Lambretta: Soundtrack for new generation

By Jacqui Madelin

Fifty years on, the 60s' scooter is still music to the ears.

Lambretta LM125. Photo / Jacqui Madelin
Lambretta LM125. Photo / Jacqui Madelin

Forget pitched battles along the Brighton seafront. They might have hogged the news in the shock-horror papers of the 60s but weren't common.

Mods and Rockers were about the excitement of youth, leather-clad oiks versus blazer-clad fashionistas who rode elegant Italian scooters laden with flashing mirrors and chrome. And the thoroughbreds among them were the Lambrettas, rakish speedsters of the scooter brigade because they were easy to customise and attracted battalions of oil-smeared performance tuners eager to fit aluminium barrels, larger carburettors - and anything else to make these step-through steeds improbably fast.

Luckily Lambrettas were the first two-wheeled production machines to get disc brakes, or more Mods would have lived hard and died young; as it is, the glamour lives on.

This LN125 aims to recall those heady times and bring that flavour to a new generation of drainpipe jeans-wearing hipsters. But before you raid Repco for extra mirrors, this is no lean, mean speed machine.

Lots of bolt-on bling would prove too much for the modest 125cc four-stroke single-cylinder engine and its auto transmission, not to mention the impressively effective brakes operated via a single handlebar-mounted lever.

Leave it standard and enjoy the retro looks underlined by that brown seat and two-tone paint, brought into er, modern times with a few subtle angles to offset the sweeping lines.

Now twist the throttle to release an engagingly gruff soundtrack, with a clinging whiff of testosterone as if the bike's issuing a challenge to the black leather brigade.

The baritone thrum through the bodywork when you throttle off only adds to the aural appeal - especially round town where there's enough poke to mix it with the traffic, the Lambretta growling and grumbling beneath you as if it's straining at the leash.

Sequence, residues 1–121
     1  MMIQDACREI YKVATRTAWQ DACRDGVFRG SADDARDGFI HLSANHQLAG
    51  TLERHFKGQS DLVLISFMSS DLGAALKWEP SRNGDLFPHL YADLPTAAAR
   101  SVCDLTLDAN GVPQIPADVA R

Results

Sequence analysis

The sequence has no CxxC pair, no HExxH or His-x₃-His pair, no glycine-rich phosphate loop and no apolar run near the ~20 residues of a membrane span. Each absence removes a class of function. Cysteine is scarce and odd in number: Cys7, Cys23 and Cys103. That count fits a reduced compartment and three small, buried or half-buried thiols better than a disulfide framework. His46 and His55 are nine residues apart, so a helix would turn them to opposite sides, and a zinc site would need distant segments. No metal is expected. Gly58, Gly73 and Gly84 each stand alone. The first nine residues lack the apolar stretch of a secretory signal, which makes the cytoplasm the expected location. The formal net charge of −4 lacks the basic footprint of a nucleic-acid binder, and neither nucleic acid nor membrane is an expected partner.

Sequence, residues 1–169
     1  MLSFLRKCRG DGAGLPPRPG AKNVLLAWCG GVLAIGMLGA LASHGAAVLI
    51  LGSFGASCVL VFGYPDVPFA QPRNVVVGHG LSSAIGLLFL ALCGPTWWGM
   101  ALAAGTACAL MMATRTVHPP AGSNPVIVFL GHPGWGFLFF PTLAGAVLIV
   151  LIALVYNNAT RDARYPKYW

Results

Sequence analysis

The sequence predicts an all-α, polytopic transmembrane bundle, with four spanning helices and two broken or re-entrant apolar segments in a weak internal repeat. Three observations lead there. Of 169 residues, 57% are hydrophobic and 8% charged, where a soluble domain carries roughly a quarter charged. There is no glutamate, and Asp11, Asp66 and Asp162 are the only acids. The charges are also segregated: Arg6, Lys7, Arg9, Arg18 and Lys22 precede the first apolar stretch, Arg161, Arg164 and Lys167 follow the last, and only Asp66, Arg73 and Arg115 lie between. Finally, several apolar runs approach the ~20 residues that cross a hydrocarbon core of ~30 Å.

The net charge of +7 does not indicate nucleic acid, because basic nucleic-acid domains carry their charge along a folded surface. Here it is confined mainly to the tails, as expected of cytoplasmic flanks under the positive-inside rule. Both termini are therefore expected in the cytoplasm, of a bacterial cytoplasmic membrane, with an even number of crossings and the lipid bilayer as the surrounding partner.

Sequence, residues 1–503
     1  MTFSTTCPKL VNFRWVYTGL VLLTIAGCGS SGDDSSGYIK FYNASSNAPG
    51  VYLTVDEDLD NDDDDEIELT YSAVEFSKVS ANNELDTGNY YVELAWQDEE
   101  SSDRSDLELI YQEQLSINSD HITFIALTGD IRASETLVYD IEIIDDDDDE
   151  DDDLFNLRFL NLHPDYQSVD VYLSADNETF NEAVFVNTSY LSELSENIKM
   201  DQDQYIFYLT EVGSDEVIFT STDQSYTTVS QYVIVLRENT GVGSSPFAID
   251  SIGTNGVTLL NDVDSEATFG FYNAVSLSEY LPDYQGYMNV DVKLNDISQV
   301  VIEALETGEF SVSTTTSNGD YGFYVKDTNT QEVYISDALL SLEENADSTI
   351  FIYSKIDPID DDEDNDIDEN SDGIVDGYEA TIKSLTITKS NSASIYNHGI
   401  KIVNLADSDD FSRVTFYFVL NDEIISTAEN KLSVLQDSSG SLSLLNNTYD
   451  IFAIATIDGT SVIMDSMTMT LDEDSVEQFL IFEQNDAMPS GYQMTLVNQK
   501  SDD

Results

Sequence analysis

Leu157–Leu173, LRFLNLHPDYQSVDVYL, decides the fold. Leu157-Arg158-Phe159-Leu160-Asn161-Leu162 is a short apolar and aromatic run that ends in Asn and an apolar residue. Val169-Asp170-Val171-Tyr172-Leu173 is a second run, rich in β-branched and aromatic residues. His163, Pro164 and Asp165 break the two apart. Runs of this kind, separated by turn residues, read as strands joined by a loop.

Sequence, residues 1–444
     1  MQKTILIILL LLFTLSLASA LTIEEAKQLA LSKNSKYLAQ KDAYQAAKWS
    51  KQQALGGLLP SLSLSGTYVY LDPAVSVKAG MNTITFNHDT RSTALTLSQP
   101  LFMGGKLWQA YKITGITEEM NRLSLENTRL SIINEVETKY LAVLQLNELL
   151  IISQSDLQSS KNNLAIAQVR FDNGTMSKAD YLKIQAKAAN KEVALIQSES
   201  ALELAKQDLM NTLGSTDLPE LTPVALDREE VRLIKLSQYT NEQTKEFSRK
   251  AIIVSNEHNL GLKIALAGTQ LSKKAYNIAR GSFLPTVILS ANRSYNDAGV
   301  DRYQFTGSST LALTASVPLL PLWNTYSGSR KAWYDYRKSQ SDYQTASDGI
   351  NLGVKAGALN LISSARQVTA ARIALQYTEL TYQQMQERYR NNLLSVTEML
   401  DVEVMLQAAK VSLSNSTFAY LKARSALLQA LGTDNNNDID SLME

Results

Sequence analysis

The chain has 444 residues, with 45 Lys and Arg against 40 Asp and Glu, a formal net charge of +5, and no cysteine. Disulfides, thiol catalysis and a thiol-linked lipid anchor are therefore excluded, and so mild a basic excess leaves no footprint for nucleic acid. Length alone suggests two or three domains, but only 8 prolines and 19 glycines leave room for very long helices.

Call its bluff to discover the humble truth - it'll manage open-road cruising if it's given the time to get up to speed, but without the pace that its ancestry and that soundtrack suggest.

Where it rediscovers its mojo is on twisty back roads where I found the character the soundtrack suggests.

This suspension proved unexpectedly capable over the lumpy lanes of my commute, encouraging steeper and steeper lean angles, the motor gargling away as the scoot swung through bends, bodywork skimming the tarmac, glorying in its improbable handling skills ... until inevitably I caught up with a car and it all turned pear-shaped.

There's not enough power to pass, even when the rider's hunched low over the bars.

Still, the LN had proved it may not have the grunt of its more illustrious predecessors but it's certainly got the character, and I all but named it and gave it pride of place in the garage.

Mind you, it's not perfect.

The under-seat cubby takes a loaf or bread and some milk, but is smaller than some.

Getting it on and off the centre stand was trickier than expected from such a lightweight, and the springback sidestand is out to get you, as I found after dropping the seat shut with a vigour triggered by an unexpectedly enjoyable ride on an improbably characterful machine.

It rolled off the stand and fortunately tipped onto my thigh and not the concrete.

Perhaps scratches could be seen as war wounds and the stand's capricious behaviour as part of its charm - as classic car owners forgive their car's foibles because they love it.

That might cover the fuel gauge's habit of lighting up when the needle's still over the half-way line of the tank's ludicrously tiny 6-litre volume, but hitting the deck is a pain in the butt, not to mention the back as you lift the 111kg beast.

At $4995 there are cheaper commuters than a Lambretta LN125. But the looks and character let you forget it's really just an undemanding runabout.

- NZ Herald

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